"What?  Putting us under the law again!  Are not we free in Christ?  Who are you to tell me I can not eat this meat?"   And so the false Christian liberty stands up for it's rights.  And the true liberty?  Well, it has the liberty to let his liberties go for the sake of his brother.  And this without begrudgment, back-stabbing, or whining on his part!

            Notice verse 8.  If eating makes us neither better nor worse, why cause a fuss?  Why not let it go?!  And notice the warning in verse 9.  This is not to the person "under the bondage of ignorance", but is rather to the more spiritually enlightened ones.  Paul goes as far as to call it SIN to push our liberties when it hinders another brother  (verse 12).  Sin to stand up for the truth?  Yes, sin!  And the liberated Paul lays down his liberty as long as the "world standeth" for the sake of his brother.  This is the true Christian liberty.  The freedom to bow myself under my brother with joy.

 

RULED BY MY BROTHER'S CONSCIENCE

         We have one more portion of scriptures to look at.  Turn to 1 CO 10, starting at verse 23.  We find the liberated Paul declaring that everything is lawful for him, if it is expedient and edifying.  Ah, but to speak of "edifying" brings another aspect into the picture.  Now we have to consider our neighbor in "everything is lawful"!  And not only consider him, but consider him first!  In verse 24 we are admonished to seek not our own (well-being, comforts, liberties, rights) "but every man another's" well-being (KJV-wealth).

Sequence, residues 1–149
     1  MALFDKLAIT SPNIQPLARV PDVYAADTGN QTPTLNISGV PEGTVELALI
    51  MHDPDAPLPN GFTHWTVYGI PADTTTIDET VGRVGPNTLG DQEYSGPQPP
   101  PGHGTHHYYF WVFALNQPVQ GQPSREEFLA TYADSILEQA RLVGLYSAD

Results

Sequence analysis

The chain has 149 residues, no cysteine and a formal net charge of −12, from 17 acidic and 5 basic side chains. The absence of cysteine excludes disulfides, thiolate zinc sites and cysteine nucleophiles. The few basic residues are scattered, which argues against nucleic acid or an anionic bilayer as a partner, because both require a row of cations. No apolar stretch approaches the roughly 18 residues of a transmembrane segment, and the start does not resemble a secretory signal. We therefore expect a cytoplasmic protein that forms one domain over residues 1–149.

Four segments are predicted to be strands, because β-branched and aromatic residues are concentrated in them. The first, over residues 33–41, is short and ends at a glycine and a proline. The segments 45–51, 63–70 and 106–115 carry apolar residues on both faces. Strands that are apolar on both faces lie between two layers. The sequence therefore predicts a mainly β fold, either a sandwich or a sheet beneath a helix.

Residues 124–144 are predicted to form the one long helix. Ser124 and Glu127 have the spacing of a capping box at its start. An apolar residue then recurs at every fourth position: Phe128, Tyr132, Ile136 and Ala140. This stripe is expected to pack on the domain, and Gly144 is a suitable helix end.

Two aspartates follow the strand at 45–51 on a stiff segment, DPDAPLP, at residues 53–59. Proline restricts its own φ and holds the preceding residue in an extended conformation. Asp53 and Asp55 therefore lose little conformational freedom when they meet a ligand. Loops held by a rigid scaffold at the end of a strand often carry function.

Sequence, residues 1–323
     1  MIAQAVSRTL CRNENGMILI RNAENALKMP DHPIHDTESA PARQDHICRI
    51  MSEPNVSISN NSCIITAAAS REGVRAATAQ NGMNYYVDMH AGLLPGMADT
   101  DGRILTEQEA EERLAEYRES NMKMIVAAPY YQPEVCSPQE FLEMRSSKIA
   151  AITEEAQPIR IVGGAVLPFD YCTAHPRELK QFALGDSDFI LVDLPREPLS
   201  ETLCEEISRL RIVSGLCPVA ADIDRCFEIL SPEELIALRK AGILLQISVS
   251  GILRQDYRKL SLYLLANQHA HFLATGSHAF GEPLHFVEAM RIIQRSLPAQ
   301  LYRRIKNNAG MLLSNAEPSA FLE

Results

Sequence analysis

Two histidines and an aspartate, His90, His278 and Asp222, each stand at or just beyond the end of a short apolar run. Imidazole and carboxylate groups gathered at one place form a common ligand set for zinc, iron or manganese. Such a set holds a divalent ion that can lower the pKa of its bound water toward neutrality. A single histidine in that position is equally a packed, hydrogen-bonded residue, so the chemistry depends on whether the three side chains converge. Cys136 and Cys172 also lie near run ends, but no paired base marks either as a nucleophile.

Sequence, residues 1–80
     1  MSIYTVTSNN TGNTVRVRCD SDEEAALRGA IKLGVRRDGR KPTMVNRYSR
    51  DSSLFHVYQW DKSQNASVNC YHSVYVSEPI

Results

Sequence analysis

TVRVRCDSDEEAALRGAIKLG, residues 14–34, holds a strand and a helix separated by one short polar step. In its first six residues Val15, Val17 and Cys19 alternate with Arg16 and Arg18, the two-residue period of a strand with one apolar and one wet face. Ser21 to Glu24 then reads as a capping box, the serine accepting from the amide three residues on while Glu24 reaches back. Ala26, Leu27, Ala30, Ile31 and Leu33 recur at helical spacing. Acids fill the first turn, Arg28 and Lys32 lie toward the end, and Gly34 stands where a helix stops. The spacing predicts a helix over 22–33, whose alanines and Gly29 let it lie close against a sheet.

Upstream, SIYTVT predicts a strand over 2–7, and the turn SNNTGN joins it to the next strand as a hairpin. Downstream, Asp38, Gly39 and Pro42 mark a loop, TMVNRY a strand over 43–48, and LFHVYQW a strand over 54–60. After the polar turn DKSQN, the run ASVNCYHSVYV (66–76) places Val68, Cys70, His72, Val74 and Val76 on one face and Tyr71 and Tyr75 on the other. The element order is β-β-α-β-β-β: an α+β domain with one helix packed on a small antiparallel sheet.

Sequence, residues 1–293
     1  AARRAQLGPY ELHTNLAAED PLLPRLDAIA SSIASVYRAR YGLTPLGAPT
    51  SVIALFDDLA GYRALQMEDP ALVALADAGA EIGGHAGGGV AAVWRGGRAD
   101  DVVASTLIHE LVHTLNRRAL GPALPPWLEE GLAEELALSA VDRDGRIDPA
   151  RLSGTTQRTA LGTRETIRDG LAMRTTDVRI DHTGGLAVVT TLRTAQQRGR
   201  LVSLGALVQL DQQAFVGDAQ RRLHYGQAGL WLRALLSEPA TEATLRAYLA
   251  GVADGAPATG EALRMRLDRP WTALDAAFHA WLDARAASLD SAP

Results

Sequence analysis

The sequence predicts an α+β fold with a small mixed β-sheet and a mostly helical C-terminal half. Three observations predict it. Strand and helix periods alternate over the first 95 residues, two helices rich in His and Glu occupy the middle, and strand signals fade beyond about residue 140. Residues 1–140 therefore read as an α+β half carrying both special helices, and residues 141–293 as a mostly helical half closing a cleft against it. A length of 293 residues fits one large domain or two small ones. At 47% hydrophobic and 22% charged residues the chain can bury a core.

As we continue reading we come to verse 29 at which we will pause a little.  Here Paul is asking a question: "why is my liberty judged of another man's conscience?"  For years I never quite understood this question because of not understanding the word "judged".  If a man stands before a judge that is making a decision about him, he is under the control of that judge.  That judge will make a ruling that will tell the man "this is the decision".  In short he has authority over him.  And so, Paul is asking here, "why is my liberty under the authority and control of another man's conscience"?